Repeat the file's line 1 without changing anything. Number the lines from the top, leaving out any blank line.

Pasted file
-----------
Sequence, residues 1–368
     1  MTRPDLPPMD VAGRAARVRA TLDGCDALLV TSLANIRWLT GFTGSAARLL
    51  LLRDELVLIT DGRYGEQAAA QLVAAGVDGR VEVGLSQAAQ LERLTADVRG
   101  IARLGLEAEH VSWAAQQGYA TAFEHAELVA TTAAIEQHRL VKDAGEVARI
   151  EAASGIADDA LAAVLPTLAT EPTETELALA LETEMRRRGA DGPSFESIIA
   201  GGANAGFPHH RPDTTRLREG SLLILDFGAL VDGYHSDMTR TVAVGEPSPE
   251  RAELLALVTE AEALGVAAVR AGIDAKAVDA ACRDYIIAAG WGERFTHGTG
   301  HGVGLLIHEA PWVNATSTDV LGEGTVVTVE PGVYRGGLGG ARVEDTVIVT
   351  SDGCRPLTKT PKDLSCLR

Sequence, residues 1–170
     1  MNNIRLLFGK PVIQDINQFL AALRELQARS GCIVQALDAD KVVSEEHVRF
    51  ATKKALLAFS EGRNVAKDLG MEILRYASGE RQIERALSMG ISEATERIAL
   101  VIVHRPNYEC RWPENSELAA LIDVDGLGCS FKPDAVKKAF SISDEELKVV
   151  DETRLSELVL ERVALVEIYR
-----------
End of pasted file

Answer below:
Sequence, residues 1–368